Some of the many advantages that automated stud welding equipment could offer your production line include:

  • Energy efficiency: Automated systems are programmable to exact tolerances so they can work within the lowest energy parameters possible. Our automated equipment can reduce industrial energy consumption, saving you money and lowering your facility’s carbon footprint.
  • Speed: With a programmable automated system, you will see increased production speeds in two ways. First, because it is controlled to exact degrees, the automated equipment itself will move over a part quickly, some as fast as 60 meters per minute. Second, stud welding operations can be completed as rapidly as 0.01 seconds, making them one of the fastest connector techniques.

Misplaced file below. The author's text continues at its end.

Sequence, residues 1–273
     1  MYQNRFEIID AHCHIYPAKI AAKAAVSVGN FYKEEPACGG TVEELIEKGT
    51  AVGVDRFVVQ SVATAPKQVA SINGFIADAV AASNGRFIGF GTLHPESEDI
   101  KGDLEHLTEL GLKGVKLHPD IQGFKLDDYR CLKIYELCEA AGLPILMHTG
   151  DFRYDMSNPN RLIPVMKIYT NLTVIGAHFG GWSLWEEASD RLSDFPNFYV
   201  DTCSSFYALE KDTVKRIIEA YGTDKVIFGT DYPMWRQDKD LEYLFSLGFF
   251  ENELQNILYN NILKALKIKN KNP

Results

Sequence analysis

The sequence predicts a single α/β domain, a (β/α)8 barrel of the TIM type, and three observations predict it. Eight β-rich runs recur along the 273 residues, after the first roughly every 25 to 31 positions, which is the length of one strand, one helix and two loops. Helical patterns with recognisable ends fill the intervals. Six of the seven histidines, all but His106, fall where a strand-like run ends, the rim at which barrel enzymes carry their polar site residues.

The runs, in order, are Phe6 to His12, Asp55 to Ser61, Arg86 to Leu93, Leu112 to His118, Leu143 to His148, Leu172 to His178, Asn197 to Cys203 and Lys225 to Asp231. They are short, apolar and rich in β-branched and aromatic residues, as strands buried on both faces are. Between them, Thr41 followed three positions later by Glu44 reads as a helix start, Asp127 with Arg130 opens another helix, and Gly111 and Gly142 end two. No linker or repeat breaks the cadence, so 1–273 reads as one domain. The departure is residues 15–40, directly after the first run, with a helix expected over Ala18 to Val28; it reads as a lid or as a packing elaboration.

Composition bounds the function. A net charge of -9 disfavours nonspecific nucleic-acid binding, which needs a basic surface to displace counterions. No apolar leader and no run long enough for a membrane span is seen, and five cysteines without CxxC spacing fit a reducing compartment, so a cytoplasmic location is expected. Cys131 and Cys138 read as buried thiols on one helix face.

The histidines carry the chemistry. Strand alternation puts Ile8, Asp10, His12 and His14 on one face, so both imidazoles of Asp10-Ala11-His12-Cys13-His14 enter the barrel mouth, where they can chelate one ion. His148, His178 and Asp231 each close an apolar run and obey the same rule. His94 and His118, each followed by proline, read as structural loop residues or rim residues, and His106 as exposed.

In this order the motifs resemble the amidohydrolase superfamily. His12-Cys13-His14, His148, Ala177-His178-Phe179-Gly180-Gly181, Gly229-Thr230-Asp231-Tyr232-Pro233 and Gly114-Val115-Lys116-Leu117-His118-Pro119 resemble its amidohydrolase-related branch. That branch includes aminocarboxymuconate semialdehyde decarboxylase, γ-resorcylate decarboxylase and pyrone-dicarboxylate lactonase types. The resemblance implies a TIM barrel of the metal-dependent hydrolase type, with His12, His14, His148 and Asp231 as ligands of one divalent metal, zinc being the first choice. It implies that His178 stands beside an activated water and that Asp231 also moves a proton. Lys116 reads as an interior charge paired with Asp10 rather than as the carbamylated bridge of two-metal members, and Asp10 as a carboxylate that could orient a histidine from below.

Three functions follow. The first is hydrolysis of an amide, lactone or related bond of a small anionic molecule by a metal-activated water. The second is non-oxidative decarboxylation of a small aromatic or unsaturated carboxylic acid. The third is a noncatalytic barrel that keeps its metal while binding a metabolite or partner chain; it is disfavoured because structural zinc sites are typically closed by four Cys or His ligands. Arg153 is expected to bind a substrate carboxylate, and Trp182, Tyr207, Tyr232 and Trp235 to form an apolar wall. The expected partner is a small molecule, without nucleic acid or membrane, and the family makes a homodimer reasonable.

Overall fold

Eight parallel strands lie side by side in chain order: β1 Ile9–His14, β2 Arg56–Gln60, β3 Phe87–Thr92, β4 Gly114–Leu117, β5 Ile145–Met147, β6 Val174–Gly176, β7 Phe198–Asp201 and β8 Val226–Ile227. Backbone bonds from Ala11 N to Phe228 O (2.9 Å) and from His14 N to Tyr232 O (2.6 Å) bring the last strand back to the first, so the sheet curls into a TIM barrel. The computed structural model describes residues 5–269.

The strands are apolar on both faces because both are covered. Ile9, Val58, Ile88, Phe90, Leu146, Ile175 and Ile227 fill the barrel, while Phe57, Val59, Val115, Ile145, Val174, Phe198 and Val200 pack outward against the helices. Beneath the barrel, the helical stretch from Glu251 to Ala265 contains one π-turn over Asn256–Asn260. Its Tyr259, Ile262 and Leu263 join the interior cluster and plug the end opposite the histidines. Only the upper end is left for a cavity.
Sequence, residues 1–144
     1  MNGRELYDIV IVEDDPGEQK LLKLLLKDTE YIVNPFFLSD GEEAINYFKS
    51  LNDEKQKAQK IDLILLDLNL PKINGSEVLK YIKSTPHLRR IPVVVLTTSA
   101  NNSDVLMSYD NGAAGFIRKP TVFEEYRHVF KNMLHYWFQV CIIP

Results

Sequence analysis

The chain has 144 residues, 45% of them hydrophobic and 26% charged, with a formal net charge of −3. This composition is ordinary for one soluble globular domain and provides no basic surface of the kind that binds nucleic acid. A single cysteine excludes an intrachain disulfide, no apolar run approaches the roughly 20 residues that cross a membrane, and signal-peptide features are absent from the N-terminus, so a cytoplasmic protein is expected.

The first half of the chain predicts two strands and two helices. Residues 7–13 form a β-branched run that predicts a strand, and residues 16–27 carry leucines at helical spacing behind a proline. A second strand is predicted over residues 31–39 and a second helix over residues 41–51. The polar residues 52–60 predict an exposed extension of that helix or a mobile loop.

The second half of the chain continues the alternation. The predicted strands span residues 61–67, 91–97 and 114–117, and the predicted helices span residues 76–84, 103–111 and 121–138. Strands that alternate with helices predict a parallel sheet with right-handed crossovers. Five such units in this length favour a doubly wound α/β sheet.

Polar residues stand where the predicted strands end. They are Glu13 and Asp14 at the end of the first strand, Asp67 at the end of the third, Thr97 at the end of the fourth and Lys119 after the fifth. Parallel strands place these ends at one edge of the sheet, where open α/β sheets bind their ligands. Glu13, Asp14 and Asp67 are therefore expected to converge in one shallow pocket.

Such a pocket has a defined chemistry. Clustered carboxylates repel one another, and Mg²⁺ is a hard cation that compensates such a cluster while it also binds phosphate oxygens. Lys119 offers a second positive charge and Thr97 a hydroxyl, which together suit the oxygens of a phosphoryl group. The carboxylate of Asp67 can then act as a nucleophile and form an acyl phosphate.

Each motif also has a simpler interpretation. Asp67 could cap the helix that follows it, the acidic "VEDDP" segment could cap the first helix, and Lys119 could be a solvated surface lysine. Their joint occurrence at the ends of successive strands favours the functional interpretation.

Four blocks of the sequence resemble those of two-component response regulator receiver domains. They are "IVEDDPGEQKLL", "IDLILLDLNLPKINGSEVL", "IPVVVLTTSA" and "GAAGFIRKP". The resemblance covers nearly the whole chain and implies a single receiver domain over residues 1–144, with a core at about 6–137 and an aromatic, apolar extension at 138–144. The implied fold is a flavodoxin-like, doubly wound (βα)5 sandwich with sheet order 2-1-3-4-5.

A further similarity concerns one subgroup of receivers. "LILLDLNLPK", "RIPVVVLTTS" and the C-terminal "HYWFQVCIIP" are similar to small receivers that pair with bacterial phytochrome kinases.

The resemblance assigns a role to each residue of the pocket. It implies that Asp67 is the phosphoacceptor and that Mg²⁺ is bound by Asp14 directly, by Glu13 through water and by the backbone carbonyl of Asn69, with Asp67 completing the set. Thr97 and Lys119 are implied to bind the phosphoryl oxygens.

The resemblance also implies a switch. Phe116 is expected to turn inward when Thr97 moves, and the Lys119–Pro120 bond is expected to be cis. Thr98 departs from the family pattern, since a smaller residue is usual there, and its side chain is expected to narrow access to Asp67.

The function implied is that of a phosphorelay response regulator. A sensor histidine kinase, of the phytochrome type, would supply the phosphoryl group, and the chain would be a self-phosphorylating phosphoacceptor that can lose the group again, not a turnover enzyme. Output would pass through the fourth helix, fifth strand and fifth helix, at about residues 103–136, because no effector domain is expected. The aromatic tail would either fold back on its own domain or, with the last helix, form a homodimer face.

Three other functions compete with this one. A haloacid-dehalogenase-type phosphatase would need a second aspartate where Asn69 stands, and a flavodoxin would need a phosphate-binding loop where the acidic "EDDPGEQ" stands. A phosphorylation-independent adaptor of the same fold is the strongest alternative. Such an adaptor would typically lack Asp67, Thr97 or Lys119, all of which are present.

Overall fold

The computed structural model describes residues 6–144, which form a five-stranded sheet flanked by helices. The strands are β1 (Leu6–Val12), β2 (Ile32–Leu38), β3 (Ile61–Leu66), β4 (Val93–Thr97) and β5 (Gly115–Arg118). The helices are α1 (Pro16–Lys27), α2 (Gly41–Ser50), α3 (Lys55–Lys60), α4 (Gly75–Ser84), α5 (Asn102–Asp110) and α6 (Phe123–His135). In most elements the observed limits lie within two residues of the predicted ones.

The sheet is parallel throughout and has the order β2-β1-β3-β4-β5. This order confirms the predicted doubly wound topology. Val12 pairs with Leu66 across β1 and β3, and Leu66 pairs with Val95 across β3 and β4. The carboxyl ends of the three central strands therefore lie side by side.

• Reliability: With an automated system, stud welding results have an accuracy of around ± 0.15 mm for steel and ± 0.2 mm for aluminum in most cases. This makes it the most reliable system you can integrate into your production line for fastening techniques.
  • Low maintenance: Most stud welders require little to no rigorous maintenance. Even automated systems that routinely install hundreds of studs only need minimal upkeep. High-quality automated designs will save you time and money, thanks to their low demand for maintenance.
  • Safety: One of the biggest advantages to incorporating an automated system on your downstream production line is worker safety. With a completely self-sufficient operating system running on a controllable software program, workers avoid injury, fatigue, and other risks on the job.